I learned in high school not to begin essays with definitions. It’s a tired method of looking clever. It says: “Here is a complex concept, stripped clean of context and artifice, distilled down to something mundane and colorless.”
Then I realized that this is really just the case because we read crappy dictionaries. Through James McFee, via James Somers’ brilliant blog, I learned about The ARTFUL Project, which, among other things, gives you access to the 1913 AND 1828 Webster’s Dictionaries—books that, instead of giving the reader the most simple, reductive representation of the word, attempt to illustrate all that word can do.
So I typed in a word that’s been weighing on me awhile, one that I’ve kept top of mind: Hiatus. As defined by the 1913 Webster’s, hiatus means: “An opening; an aperture; a gap; a chasm; esp., a defect in a manuscript, where some part is lost or effaced; a space where something is wanting; a break.”
A space where something is wanting.
For a long time now, I’ve been wondering what I wanted to do with this blog, this little slice of internet that I’ve reserved. When I started it, I was purposefully unemployed and looking for a way to reconnect with who I was and what I loved; yet I quickly became uncomfortable with the concept that this space would simply be a recounting of my personal preferences and passions. Books—and music, and food, and drink—but most of all books, are more important to me than that. They’re bigger than me, and I want them to stay that way. I really struggle against what I find to be the popular practice of reducing art down to simply whether or not you enjoyed it—the notion that things have only the value that we attribute to them—they have no value of their own. I find that today’s discussion about literature is often only an evaluation of whether or not you liked the book—instead of a thoughtful exploration of what the book is doing. Obviously the enjoyment of art is a large part of experiencing it, and I often—through trips and music and food—work to extend that enjoyment to the other areas of my life—but that isn’t all art is. I think we need to try harder than that, and I didn’t want to be part of that problem.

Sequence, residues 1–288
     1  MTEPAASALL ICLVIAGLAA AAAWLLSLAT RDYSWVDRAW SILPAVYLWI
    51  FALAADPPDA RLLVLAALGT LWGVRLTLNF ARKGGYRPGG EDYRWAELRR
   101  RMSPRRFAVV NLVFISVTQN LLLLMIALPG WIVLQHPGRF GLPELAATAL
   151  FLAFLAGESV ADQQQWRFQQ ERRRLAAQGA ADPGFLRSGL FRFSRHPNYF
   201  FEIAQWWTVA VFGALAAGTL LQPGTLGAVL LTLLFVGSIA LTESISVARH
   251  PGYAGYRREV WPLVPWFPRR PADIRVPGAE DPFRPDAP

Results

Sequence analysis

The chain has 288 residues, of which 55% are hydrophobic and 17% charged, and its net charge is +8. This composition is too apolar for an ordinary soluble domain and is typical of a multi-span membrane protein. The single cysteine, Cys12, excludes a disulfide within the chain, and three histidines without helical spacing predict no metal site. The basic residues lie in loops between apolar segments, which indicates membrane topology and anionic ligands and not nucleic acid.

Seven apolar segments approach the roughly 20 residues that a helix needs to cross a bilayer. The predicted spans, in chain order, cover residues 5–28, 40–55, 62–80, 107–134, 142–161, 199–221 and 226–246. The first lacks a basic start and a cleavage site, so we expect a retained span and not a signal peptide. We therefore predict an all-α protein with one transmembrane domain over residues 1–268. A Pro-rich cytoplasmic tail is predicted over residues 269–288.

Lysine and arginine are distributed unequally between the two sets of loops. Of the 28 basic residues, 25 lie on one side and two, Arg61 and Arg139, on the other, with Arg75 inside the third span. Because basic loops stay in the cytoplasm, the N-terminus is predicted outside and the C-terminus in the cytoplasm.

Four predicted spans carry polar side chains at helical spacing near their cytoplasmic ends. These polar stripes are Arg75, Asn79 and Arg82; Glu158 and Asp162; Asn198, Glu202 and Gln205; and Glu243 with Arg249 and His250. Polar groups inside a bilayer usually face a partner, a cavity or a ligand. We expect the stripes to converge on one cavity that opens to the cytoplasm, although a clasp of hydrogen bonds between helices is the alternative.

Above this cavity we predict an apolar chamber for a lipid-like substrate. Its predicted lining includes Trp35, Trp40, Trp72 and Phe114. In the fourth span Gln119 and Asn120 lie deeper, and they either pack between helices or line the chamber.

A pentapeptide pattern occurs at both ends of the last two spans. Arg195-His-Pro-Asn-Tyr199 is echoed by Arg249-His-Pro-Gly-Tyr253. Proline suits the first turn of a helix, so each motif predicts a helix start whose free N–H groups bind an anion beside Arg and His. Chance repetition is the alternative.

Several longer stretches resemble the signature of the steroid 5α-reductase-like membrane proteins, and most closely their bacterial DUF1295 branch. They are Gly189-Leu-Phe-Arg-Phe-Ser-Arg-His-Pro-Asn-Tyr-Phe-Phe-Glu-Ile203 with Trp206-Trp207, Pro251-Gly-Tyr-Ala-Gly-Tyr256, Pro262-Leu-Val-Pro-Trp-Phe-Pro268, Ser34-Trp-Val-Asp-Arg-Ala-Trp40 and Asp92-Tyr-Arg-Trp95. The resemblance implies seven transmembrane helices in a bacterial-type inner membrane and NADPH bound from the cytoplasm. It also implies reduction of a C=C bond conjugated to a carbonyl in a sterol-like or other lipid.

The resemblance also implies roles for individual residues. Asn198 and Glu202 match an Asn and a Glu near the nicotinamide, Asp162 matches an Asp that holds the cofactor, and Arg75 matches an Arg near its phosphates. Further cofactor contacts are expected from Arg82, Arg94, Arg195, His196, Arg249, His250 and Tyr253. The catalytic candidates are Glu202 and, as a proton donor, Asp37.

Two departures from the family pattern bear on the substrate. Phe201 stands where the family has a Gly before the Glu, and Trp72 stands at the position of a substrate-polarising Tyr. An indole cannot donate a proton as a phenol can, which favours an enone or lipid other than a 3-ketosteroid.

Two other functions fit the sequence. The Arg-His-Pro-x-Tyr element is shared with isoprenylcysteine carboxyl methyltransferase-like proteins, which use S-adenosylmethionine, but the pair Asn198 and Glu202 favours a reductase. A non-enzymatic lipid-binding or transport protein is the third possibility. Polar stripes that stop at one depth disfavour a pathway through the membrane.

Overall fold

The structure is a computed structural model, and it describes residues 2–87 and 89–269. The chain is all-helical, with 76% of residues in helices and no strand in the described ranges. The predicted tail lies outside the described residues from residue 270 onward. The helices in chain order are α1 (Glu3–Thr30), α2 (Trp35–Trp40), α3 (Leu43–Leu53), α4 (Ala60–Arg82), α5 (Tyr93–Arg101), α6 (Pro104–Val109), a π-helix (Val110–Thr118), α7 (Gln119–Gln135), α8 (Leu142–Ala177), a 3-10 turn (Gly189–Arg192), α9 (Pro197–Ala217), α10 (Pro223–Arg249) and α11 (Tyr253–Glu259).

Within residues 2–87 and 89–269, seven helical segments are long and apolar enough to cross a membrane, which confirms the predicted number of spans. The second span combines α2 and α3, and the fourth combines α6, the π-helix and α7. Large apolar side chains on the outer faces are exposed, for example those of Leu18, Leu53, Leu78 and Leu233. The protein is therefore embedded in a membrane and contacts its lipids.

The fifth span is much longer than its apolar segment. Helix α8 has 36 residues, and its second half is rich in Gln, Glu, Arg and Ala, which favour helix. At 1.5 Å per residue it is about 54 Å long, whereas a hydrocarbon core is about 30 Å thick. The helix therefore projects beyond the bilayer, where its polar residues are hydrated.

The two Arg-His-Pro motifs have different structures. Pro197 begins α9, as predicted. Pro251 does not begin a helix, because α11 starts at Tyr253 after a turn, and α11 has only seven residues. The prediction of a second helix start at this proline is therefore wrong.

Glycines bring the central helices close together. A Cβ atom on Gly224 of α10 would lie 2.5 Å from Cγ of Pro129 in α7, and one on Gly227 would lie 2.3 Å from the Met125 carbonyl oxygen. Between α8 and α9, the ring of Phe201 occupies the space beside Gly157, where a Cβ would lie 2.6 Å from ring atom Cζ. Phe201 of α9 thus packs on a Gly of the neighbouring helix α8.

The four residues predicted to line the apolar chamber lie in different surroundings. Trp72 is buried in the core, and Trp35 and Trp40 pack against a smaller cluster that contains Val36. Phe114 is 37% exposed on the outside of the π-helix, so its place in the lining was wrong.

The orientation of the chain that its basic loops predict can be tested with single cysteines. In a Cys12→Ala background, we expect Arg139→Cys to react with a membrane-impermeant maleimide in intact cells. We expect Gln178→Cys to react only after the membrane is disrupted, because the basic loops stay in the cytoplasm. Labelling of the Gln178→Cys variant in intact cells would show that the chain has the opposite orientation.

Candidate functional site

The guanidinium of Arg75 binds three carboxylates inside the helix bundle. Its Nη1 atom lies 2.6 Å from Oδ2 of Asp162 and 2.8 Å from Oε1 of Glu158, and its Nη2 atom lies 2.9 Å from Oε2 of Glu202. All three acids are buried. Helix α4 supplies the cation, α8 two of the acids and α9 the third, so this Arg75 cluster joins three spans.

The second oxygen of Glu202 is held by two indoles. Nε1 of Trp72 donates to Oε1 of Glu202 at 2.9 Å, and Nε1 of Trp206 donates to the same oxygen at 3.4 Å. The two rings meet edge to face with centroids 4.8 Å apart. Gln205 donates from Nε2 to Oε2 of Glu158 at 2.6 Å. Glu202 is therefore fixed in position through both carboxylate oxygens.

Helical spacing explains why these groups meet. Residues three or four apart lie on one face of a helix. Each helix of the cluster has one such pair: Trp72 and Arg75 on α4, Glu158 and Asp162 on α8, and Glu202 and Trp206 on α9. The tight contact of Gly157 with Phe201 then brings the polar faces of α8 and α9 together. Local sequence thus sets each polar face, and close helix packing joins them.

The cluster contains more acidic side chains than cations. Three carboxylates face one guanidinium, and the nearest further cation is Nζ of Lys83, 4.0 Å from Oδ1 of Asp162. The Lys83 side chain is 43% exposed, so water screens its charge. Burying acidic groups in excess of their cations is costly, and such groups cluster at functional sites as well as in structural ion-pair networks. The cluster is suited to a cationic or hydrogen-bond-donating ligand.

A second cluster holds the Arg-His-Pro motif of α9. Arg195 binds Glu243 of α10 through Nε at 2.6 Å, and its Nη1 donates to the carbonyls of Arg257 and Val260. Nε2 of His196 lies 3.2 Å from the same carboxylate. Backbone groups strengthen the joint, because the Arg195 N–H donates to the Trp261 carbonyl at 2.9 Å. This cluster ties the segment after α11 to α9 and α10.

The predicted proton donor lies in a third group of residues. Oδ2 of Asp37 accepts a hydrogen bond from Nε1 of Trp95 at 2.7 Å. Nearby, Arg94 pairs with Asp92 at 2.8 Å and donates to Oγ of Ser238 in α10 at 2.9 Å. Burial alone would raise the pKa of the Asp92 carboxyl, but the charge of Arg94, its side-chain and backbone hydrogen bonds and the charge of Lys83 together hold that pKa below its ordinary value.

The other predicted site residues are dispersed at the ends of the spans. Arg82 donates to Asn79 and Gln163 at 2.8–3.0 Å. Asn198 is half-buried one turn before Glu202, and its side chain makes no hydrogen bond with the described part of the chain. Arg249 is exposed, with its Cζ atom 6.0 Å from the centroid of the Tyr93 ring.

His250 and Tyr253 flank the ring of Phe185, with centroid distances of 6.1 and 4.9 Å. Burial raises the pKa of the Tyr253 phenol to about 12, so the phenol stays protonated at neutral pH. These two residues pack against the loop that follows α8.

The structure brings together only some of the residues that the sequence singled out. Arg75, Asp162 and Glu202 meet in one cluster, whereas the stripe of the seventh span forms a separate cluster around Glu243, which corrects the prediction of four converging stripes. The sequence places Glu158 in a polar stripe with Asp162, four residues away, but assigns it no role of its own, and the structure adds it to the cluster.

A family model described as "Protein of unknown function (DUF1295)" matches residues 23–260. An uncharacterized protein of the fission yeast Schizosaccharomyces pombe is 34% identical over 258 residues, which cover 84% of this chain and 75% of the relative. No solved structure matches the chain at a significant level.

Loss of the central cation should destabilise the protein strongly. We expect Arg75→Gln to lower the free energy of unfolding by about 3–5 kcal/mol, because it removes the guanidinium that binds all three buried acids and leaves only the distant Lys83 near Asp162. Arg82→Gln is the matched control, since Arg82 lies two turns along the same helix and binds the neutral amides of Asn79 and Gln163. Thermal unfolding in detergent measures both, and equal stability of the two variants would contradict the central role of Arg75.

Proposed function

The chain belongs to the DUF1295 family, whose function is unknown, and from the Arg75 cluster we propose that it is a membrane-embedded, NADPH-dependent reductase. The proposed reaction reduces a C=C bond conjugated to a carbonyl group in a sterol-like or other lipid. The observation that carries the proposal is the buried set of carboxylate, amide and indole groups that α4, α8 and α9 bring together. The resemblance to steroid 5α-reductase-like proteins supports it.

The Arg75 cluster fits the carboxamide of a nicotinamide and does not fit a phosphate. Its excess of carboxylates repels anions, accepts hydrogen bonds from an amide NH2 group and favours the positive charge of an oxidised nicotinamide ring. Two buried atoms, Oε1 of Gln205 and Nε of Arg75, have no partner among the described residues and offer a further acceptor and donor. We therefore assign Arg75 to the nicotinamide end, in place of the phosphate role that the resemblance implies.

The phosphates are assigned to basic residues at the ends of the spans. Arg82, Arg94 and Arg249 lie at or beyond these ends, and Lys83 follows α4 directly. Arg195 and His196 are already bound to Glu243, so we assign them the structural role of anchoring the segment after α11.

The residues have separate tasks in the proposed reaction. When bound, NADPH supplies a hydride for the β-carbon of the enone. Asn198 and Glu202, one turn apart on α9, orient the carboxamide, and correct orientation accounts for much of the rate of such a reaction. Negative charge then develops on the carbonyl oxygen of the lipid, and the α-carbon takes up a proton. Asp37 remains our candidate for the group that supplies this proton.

So I stepped away from the site for a while. Though one shouldn’t think by coming back I have any answers. I don’t know that I’m any less part of the problem than I was before, I simply know that I still think people should be talking about these things—that I want to keep talking about these things. I still think there’s a space where something is wanting.